Colorado Minimum Wage Act—Colorado Wage Claim Act—Colorado Wage Order 31—Summary Judgment—Interstate Drivers.

Brunson is a shuttle van driver who transports passengers to and from Denver International Airport but does not drive out of state. He claimed that Shamrock Charters, Inc. and Colorado Cab Company, LLC (collectively, Shamrock) failed to pay him overtime compensation in violation of the Colorado Minimum Wage Act and the Colorado Wage Claim Act. The Acts are implemented by Colorado Wage Order 31, which requires covered employers to pay overtime. As pertinent here, the Wage Order exempts “interstate drivers” from its provisions. Neither the Acts nor the Wage Order defines the term “interstate drivers.”

The district court granted summary judgment in favor of Shamrock. It found that the Wage Order’s language closely follows the federal Motor Carrier Act (MCA) exemption of the Fair Labor Standards Act (FLSA) and construed “interstate drivers” in accordance with federal interpretation. Thus, the district court concluded that “interstate drivers” includes drivers involved in interstate commerce even if their work is entirely within the state. The court further concluded that Brunson was an interstate driver and was, as a matter of law, exempt from the Wage Order’s overtime pay requirements.

On appeal, Brunson contended that the federal interpretation of the MCA exemption does not apply to his state claims. The court of appeals determined that federal and state overtime pay exemptions are not identical or substantially identical. Further, the Colorado Department of Labor has published clear persuasive evidence of its intent to provide greater protections than those under FLSA. Therefore, the court concluded that federal case law’s interpretation of “interstate drivers” does not apply to Brunson’s state claims. Having determined that federal case law is not persuasive authority as to the meaning of “interstate driver,” the court relied on the Department’s interpretation of its own regulation in its Advisory Bulletin and construed the term “interstate drivers” to apply only to drivers whose work takes them across state lines. Thus, Shamrock did not “plainly and unmistakably” demonstrate that Brunson fell within the Wage Order’s exemption.

The summary judgment was reversed and the case was remanded.

Summary provided courtesy of Colorado Lawyer.

Colorado Court of Appeals: When Liability Based on Respondeat Superior, Settlement with Agent is Setoff Against Jury Verdict for Principal

The Colorado Court of Appeals issued its opinion in Marso v. Homeowners Realty on Thursday, February 8, 2018.

Respondeat Superior—Agent—Amendment of Answer—Affirmative Defense—Setoff—Settlement—Statutory Prejudgment Interest.

Dilbeck was employed by or associated with Homeowners Realty, Inc., d/b/a/ Coldwell Banker Home Owners Realty, Inc. (Coldwell) and acted as the Marsos’ agent in their purchase of a house. Two years after the purchase, the Marsos discovered that uranium tailings had been used as fill material, creating a potential health hazard. The Marsos filed a complaint against Dilbeck and Coldwell alleging negligence against Dilbeck and respondeat superior liability against Coldwell. Before the scheduled trial date, the Marsos settled with Dilbeck for $150,000, inclusive of interest. The jury was instructed to determine the total amount of damages sustained by the Marsos and was not informed of the amount of the settlement with Dilbeck. The jury returned a verdict of $120,000 against Coldwell. In post-trial proceedings, the trial court set off the settlement payment of $150,000 against the $120,000 jury verdict, resulting in a zero recovery for the Marsos. Because the settlement payment exceeded the jury verdict, the court entered judgment in favor of Coldwell and later entered a cost award against the Marsos of approximately $30,000.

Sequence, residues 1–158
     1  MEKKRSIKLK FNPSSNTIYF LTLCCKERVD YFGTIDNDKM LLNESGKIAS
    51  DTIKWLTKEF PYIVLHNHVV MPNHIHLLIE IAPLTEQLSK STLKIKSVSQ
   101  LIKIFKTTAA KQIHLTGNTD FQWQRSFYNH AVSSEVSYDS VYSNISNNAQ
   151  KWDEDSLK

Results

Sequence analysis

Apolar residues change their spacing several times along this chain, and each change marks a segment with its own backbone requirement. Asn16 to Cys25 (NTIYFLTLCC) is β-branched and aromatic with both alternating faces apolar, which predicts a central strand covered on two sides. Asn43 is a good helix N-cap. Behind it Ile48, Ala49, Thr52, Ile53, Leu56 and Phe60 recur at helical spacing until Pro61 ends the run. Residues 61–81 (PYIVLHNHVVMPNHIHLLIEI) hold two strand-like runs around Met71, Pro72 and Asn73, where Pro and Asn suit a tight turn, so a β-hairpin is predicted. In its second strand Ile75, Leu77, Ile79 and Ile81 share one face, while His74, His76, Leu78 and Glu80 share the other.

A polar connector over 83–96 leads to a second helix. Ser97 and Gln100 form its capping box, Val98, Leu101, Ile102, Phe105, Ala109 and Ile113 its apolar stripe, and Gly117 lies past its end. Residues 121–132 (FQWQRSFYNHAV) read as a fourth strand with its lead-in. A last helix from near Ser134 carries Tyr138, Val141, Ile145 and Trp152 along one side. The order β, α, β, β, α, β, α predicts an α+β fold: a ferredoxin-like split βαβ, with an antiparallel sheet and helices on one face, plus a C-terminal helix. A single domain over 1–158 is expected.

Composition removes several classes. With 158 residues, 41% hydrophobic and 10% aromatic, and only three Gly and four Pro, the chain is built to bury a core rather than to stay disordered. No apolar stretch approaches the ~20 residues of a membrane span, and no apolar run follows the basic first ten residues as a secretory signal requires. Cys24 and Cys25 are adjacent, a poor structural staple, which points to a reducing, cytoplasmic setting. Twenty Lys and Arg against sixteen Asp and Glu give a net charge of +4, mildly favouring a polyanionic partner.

On appeal, the Marsos contended that the court abused its discretion in allowing Coldwell to amend its answer to assert the affirmative defense of setoff over the Marsos’ timeliness objection. Because Coldwell did not obtain the settlement agreement until shortly before trial and the Marsos had no right to rely on the absence of a setoff, the amendment did not result in legal prejudice to the Marsos. Under these circumstances, the court did not abuse its discretion in allowing Coldwell to pursue its setoff defense.

The Marsos next argued that the trial court erred when it set off the settlement payment against the jury verdict. When a party’s liability is based entirely on respondeat superior, a settlement with the agent is setoff against the jury verdict entered against the principal. Therefore, the trial court did not err in this regard.

The Marsos also contended that the trial court erred when it set off the settlement payment before statutory prejudgment interest accrued on the jury verdict. Statutory prejudgment interest accrues on the jury verdict before the setoff. Here, the court must calculate the interest that accrued on the jury’s verdict from the date of the Marsos’ injury to the date of Dilbeck’s settlement payment and add it to the jury verdict

The judgment and cost award in Coldwell’s favor was reversed, and the case was remanded for further proceedings.

Summary provided courtesy of Colorado Lawyer.

Colorado Court of Appeals: Nonparty at Fault Statute Does Not Preclude Evidence of Subsequent Providers’ Negligence

The Colorado Court of Appeals issued its opinion in Danko v. Conyers, M.D. on Thursday, February 8, 2018.

Torts—Medical Malpractice—Evidence—Pro Rata Liability—Non-Party Fault—Costs.

Dr. Conyers performed carpal tunnel surgery on Danko. He did not order a post-operative biopsy to detect possible infection and ultimately released Danko from further care. Danko sought a second opinion from Dr. Scott, who performed a minor procedure on Danko’s wrist and later diagnosed her with an infection. Subsequently, Danko saw Dr. Savelli, who recommended a regimen of antibiotics and periodic surgical debridement of infected tissue. Two weeks later, Danko consulted Dr. Lindeque, who amputated Danko’s forearm. Danko filed a complaint alleging that Dr. Conyers negligently failed to detect an infection resulting from the surgery, which led to amputation of her forearm. The jury found Dr. Conyers liable and awarded damages of $1.5 million.